We hosted a deep-dive Flash Call Tuesday titled “Housing’s Sledgehammer,” led by Financials Sector Head Josh Steiner, whose work indicates the latest bullishness in the housing sector could be too cautious, as home prices could roar back and take everyone by surprise. Josh was joined by three other sector heads. Here we offer their individual ideas on companies that play well in a strong housing environment.
Restoration Hardware - RH
Retail Sector Head Brian McGough is bullish on RH, which he believes should stand out in the messy sector that is Home Remodeling. Home remodeling generates over $140 billion in annual revenues but is highly fragmented, comprising everything from DIY house repair, to bathroom fittings, to bedroom suites, dining room sets and patio furniture. With only about a 1% share of the total market, RH is one of largest retailers in “soft” side of home space and stands to reap large rewards in a housing upturn.
The simple driver of McGough’s bull thesis is: in order to sell stuff, you have to show stuff. Think of it: you might buy kitchen cabinet handles over the internet, but you want to actually lie down on that bedroom set, or sit in those patio chairs before you commit. RH is one of the few home remodeling retailers that has made a push to aggressively expand the square footage in their stores – McGough cites their 8,000 square foot Boston location and compares it to the new 40,000 square foot Design Center. This alone should drive more than 20% annualized sales growth over the next three years as both in-store and catalogue sales expand. With over 70 locations nationwide, RH has enough individual locations to be a solid competitor. But McGough says the average floor space is so small that only about a quarter of RH’s products actually make it into the showroom. That’s changing.
More space = more variety of new product categories on the floor = more attractions for more folks to buy = more revenues = higher stock prices. McGough compares this to WalMart’s successful store expansion, where the company added new categories and drew a whole new group of customers.
The catch: our housing call may prove over-optimistic. In which case McGough says the Design Center model is still superior to their existing locations – just not as superior in an inferior market. And remember that, if people are not buying new homes, they will have to keep fixing the ones they’ve got.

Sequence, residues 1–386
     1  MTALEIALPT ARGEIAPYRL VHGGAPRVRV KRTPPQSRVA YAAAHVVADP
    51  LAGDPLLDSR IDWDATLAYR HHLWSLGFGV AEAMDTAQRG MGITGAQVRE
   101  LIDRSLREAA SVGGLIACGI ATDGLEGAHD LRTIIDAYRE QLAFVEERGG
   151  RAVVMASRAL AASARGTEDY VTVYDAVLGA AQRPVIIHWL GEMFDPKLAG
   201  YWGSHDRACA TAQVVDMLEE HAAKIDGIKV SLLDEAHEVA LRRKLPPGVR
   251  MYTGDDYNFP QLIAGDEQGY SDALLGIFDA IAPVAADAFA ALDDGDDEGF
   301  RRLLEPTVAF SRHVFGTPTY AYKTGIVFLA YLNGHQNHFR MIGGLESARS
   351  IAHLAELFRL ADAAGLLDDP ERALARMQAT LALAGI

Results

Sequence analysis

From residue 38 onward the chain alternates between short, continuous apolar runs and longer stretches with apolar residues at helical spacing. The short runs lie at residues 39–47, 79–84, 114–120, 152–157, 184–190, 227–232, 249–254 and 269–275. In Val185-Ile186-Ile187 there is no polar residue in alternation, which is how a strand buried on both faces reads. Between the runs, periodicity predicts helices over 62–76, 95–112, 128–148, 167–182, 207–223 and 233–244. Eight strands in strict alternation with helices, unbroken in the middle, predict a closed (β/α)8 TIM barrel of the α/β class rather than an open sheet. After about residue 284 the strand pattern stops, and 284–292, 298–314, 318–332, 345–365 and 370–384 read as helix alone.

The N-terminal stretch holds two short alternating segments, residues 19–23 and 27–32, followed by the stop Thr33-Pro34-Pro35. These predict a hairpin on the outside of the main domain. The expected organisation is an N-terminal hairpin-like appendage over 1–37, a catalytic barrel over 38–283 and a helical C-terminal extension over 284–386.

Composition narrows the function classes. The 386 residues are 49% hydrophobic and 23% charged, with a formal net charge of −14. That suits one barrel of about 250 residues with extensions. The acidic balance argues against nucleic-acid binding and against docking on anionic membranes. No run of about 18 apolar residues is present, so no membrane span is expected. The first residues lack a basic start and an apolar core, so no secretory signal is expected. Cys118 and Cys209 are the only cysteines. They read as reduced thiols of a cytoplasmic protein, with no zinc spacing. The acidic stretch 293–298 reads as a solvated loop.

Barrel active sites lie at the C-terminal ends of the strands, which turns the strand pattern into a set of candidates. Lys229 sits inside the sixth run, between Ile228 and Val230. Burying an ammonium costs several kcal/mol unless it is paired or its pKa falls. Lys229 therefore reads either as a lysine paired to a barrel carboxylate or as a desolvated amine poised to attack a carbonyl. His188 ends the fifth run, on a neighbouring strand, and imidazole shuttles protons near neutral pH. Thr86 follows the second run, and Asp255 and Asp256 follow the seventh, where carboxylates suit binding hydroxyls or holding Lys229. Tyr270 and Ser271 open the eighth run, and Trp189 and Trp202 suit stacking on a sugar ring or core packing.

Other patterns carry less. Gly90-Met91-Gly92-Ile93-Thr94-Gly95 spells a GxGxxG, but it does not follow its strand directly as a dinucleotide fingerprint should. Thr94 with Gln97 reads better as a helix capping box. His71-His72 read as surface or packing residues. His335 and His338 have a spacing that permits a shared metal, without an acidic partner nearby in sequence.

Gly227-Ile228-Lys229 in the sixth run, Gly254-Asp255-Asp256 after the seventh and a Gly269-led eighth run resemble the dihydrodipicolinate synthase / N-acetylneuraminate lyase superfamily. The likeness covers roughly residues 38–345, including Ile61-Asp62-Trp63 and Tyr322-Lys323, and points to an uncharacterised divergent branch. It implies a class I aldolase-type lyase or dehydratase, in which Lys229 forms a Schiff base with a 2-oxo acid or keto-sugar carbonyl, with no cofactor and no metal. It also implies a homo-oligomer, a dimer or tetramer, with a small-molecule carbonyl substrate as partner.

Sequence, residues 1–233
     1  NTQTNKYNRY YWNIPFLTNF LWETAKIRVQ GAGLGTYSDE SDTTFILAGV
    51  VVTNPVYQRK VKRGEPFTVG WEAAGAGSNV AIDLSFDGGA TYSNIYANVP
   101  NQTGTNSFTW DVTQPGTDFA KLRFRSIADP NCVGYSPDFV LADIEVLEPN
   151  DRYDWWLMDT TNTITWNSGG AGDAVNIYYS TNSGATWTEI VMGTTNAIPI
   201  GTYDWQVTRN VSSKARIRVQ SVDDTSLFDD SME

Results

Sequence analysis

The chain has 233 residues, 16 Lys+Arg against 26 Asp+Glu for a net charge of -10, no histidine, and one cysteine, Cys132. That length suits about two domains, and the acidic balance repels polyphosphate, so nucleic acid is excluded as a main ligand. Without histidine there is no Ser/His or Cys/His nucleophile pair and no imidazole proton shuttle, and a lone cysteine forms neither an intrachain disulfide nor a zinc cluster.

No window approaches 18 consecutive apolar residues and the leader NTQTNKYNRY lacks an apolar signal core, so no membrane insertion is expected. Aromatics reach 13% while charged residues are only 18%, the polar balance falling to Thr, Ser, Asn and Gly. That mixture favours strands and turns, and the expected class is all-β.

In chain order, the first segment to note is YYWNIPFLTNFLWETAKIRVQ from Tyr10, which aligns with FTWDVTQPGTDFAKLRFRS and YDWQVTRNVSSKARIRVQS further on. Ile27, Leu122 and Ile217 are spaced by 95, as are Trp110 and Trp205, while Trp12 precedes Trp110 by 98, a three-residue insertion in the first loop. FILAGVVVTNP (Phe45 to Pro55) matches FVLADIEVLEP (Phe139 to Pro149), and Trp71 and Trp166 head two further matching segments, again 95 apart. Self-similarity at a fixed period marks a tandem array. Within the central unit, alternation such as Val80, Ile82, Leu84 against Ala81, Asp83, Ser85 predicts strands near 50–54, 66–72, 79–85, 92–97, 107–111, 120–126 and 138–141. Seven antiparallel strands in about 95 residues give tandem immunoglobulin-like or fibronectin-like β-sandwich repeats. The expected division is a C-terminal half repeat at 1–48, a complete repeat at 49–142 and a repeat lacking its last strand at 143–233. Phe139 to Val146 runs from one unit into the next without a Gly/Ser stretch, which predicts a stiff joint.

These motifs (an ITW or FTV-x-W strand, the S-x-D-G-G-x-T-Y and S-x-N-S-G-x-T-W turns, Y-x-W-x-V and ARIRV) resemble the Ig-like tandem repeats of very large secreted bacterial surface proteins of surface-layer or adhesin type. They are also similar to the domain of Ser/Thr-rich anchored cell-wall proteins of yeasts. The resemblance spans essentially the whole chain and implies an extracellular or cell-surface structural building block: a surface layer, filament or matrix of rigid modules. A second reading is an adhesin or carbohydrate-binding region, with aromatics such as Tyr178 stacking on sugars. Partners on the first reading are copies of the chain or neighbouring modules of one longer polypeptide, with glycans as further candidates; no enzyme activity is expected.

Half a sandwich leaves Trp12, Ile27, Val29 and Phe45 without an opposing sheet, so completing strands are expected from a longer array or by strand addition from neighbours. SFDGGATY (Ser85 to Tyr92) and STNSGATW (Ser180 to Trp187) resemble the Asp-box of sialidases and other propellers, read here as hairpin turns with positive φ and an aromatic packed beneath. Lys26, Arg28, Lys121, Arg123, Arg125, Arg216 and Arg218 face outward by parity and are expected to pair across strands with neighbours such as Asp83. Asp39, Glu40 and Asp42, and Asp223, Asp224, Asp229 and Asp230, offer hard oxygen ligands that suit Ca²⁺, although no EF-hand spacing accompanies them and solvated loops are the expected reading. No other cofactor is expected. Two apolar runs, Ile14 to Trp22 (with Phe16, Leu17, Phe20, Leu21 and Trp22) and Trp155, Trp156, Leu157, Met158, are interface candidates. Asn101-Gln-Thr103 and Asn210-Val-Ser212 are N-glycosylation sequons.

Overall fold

NewellRubbermaid – NWL
Consumer Staples sector head Rob Campagnino calls NWL an inexpensive name in a sector where value is hard to find. Rob says NWL showcases two of his favorite themes: free cash flow, and “bad company that is getting better.”
You will recognize NWL because of its Rubbermaid brand. You may also recognize its Irwin, Lenox, or Hilmor brands. Or its Levolor, Ace, Solano or Calphalon brands. That, says Campagnino, is one of NWL’s problems: investors who run consumer staples portfolios don’t buy companies – they buy brands. And just like a consumer, their brand loyalty can blind them to quality if it comes in a different package. NWL has a perception problem. From construction tools, to home solution, to writing implements and baby care, NWL actually represents a diversified portfolio that can benefit from an upturn in housing and in new family formation – both of which Hedgeye is calling for – but also in consumer sentiment and, as the unemployment figures tick lower, office employment.
NWL is also a turnaround story that, says Campagnino, has rounded the near turn and is coming into the home stretch. NWL’s new CEO has been in the driver’s seat for two years, after successful turns at Kraft and Unilever. Still, because of its brand perception issue, NWL actually trades at a lower multiple today than when it was a worse company. With $1.85 a share in free cash flow – good for dividends or share buybacks – Campagnino believes the “bear case” – if we are wrong on housing, for example, is lots of cash lying around to return to shareholders.
Demographers have identified a simple basic trend in new household formation: get married, buy house, get dog, have baby. Hedgeye has identified positive trends in new home purchases, pet buying, and new family unit formation. Companies poised to benefit from any of these should come into their own as trends become clear.